As I write this, I’m just over a month away from my 30th birthday. Grey hairs are appearing on my head and occasionally even sprouting out of my nostrils; sometimes, parts of my body ache for no reason. I’m becoming less tolerant of people under 21, and my slowing metabolism is slowly beginning to manifest itself as extra inches around my waist.
Clearly the years are catching up on me, and I’m becoming increasingly aware of a fast approaching and seemingly inevitable truth: I’m probably not going to become a world-famous singer/songwriter. I’d like to blame that on the unfairness of the music industry, but the fact is I just can’t sing or write songs – which makes me perfect to review We Sing Encore for the Wii.
Like other karaoke games, regardless of your ability, it’s fun to sing along with and against your mates. Indeed, truly talented people should stay away because, frankly, they’re no fun. If you’re not into this genre, then you probably wouldn’t reading this review in the first place and, to be honest, there’s nothing in this game that would be likely to make you change your mind. Fans of singing games, however, will find plenty of entertainment here, and a fairly good variety of songs (although it’s worth noting that they seem to favour high vocal ranges, and there’s really nothing here for the baritones among us).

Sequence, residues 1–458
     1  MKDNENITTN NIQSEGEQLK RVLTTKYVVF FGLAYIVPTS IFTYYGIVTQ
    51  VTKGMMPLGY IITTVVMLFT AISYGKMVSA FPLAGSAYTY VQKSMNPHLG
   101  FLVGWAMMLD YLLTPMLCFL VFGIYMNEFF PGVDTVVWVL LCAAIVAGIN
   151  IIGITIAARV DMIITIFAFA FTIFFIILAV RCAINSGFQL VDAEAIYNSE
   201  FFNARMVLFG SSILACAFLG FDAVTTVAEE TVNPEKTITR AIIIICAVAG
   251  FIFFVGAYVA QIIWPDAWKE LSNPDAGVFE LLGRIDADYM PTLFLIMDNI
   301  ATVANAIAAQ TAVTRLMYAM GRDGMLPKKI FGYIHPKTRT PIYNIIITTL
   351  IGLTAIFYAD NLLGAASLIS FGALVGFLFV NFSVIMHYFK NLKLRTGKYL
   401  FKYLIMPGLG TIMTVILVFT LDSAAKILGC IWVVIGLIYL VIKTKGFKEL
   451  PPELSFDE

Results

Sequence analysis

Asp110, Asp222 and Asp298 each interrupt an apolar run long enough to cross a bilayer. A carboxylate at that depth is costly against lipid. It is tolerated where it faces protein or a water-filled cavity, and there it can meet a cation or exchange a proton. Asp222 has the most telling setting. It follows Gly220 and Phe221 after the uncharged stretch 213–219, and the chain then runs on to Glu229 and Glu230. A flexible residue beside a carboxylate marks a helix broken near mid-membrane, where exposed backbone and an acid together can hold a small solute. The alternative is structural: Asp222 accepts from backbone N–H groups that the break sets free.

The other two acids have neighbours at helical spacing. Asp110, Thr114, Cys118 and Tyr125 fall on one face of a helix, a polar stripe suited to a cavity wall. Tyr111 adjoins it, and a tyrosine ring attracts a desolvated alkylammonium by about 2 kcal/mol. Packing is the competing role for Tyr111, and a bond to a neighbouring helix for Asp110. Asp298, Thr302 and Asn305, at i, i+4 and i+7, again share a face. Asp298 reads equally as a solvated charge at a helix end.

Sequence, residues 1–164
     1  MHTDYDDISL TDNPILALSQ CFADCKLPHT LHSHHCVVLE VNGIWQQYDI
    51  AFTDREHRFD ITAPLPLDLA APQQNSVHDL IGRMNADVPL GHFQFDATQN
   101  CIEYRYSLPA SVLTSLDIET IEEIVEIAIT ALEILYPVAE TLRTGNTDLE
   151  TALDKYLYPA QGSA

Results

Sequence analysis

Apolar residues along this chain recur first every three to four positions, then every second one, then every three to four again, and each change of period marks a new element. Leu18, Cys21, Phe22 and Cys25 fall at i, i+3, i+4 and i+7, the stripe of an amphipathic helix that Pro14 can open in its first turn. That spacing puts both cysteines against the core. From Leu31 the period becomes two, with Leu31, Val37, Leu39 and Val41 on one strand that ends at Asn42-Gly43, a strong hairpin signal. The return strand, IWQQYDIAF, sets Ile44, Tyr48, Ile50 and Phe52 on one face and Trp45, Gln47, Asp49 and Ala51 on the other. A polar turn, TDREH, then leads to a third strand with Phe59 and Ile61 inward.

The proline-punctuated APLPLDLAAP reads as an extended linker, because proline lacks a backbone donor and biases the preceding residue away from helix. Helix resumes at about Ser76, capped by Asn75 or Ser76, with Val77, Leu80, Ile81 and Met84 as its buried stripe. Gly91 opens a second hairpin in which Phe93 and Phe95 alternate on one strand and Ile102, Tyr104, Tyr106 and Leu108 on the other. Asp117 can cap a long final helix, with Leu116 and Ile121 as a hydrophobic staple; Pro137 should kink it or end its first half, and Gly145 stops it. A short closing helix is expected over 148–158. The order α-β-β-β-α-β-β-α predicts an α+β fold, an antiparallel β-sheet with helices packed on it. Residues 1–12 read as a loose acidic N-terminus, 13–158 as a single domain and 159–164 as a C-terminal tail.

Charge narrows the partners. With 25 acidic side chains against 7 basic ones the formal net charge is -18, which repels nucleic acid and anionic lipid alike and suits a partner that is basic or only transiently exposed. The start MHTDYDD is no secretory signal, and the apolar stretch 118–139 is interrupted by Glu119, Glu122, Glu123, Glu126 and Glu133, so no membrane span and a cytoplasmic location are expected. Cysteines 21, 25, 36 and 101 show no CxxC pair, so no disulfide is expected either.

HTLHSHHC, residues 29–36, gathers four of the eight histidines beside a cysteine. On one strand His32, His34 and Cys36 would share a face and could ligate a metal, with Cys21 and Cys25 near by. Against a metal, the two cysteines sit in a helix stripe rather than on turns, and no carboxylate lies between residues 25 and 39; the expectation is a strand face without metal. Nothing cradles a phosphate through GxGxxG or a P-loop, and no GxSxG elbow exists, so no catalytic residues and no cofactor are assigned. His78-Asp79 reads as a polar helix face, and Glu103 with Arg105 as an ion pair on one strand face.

Of the game’s features, the one that stands out is the ability to have up to four people playing at once. The review copy of the game had only two mics, but you can also use any other Logitech USB microphones from other Wii games, and you can plug them into any USB hub. This last feature is welcome, because compatibility could have so easily been limited to some expensive proprietary device.
Other than that, it’s pretty much what you’d expect from this kind of game: you sing along with songs, and you’re rated on your performance. There are a variety of game modes to keep things interesting, but let’s face it, they all involve either singing on your own or with other people.
There are some singing lessons in the Solo part of the game, but they didn’t seem terribly good. Unless there was something wrong with my set-up, it seems the game doesn’t generate reference tones in the lessons, so you don’t know what note you’re supposed to be singing. As a result, you have to go through the rather embarrassing process of humming random notes until you find the right one.
This isn’t a particularly important, though, and overall We Sing Encore provides a pretty good singing experience. It’s a shame there’s no equivalent to SingStar’s SingStore, but that’s down to the limitations of the console and not this game. If you’re eager to piss off your neighbours with your tuneless warbling, this is a great way to do it.
We Sing Encore is out now and available from the Den Of Geek Store.